Having a hard time narrowing down my favorite concert ever. Measuring by dopamine release not enhanced pharmacologically, it was the Cocteau Twins back in the 80's. Felt like I was walking around in a Monet painting.

    For music, set and setting, probably Wilco at the Pritzker Pavilion in Chicago a few years ago. Band in top form, perfect summer night, underneath that fantastic Frank Gehry stage. Also, it was my favorite kind of seating arrangement now that I'm older: Assigned seats, but standing up.  Personal space and all.  One of those nights when it all comes together.

    Or maybe a little club back in 1994 when I went to see Killbilly but then this other band I'd never heard of called the Old 97's came out with their charming Texas twang and nerdy demeanor and tore the place apart with their punk country.

    I used to see live music at least once a week on average and there a thousand other bands and concerts, but tonight when you asked the question, those above are the ones that stand out.

    •  i love Dead Can Dance (1+ / 0-)
      Recommended by:
      Via Chicago

      i saw them once back in the 90's.. they played at the Park plaza hotel at macarthur park in los angeles.

      liberal pragmatist. artist. obama supporter.

      by hardart on Tue Jan 15, 2013 at 10:00:09 PM PST

      [ Parent ]

    •  You Got A Firm In Your Town Of Chicago (1+ / 0-)
      Recommended by:
      Via Chicago

      Coudal Partners. They went with DCD show to show a few years ago. Produced a DVD. They made them, and I can't find it on their site, by hand. I own it. It is stunning.

      You know if I was asked the question, you are stuck on an island what music would you take with you, I know Dead Can Dance would be the first thing out of my mouth.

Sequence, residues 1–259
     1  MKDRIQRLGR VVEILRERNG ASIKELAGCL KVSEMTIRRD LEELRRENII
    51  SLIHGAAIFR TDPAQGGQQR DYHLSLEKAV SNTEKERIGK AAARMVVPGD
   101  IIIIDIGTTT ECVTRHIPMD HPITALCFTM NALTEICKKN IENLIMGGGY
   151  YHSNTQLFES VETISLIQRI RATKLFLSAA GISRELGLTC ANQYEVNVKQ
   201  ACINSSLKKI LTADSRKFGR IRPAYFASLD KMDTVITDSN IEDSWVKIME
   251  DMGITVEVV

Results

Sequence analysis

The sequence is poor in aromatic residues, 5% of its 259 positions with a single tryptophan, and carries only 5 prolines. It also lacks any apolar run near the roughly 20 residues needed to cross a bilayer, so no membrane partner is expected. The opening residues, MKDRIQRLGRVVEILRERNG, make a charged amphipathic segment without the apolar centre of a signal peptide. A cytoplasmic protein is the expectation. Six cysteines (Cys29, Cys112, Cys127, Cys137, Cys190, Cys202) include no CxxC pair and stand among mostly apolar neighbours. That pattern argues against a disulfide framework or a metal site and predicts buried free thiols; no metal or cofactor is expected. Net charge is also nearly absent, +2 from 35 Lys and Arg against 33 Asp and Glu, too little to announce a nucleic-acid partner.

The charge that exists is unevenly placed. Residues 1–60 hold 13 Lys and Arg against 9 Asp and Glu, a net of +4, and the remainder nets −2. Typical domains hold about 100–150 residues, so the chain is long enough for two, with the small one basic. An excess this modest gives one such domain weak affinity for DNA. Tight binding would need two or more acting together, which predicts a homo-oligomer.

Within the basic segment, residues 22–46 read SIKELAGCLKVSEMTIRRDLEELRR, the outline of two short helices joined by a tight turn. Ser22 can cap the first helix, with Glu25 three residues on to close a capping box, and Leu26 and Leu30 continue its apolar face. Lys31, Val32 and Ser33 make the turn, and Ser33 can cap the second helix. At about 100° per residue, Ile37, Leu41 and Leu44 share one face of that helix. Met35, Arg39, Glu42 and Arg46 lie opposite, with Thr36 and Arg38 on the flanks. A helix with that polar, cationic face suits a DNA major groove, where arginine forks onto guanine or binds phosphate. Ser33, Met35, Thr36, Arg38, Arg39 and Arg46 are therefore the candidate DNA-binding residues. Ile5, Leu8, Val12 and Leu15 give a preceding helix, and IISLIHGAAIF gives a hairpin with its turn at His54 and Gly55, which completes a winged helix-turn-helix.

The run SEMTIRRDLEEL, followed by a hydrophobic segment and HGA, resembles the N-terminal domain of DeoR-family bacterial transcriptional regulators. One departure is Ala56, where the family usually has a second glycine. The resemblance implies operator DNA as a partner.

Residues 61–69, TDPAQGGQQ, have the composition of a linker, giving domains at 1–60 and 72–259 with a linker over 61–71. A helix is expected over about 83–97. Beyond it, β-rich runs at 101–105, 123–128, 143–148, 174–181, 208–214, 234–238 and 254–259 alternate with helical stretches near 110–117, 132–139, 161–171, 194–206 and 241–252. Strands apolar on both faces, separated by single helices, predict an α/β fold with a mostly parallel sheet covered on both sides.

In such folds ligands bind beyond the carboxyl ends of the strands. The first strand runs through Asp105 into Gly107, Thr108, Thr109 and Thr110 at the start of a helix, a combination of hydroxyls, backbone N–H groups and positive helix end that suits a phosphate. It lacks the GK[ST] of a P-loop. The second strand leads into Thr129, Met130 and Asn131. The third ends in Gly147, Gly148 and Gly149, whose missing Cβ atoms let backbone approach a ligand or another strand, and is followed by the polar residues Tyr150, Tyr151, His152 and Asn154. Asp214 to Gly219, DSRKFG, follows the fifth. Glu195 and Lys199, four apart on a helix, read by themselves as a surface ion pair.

But their music I have found is hard for most to get and/or understand. Much less like. So happy a few DCD fans here.

      I'd like to hug you .....

      When opportunity calls pick up the phone and give it directions to your house.

      by webranding on Tue Jan 15, 2013 at 10:08:35 PM PST

      [ Parent ]

  •  Clash at the Aragon in Chicago. (4+ / 0-)

    It was pretty much just like this video.

    "Michael Moore, who was filming a movie about corporate welfare called 'Capitalism: A Love Story,' sought and received incentives."

    by Bush Bites on Tue Jan 15, 2013 at 09:37:55 PM PST

    •  Now that sounds awesome! (2+ / 0-)

      I'd would have loved to see the Clash or even Big Audio Dynamite.

      "If you don't sin, then Jesus died for nothing!" (on a sign at a Mardi Gras parade in New Orleans)

      by ranger995 on Tue Jan 15, 2013 at 09:41:53 PM PST

      [ Parent ]

      •  I also saw BAD at the Aragon several years later. (3+ / 0-)

        Public Image and Live opened for them and, I have to admit, it seemed to me like Public Image were the band of the night.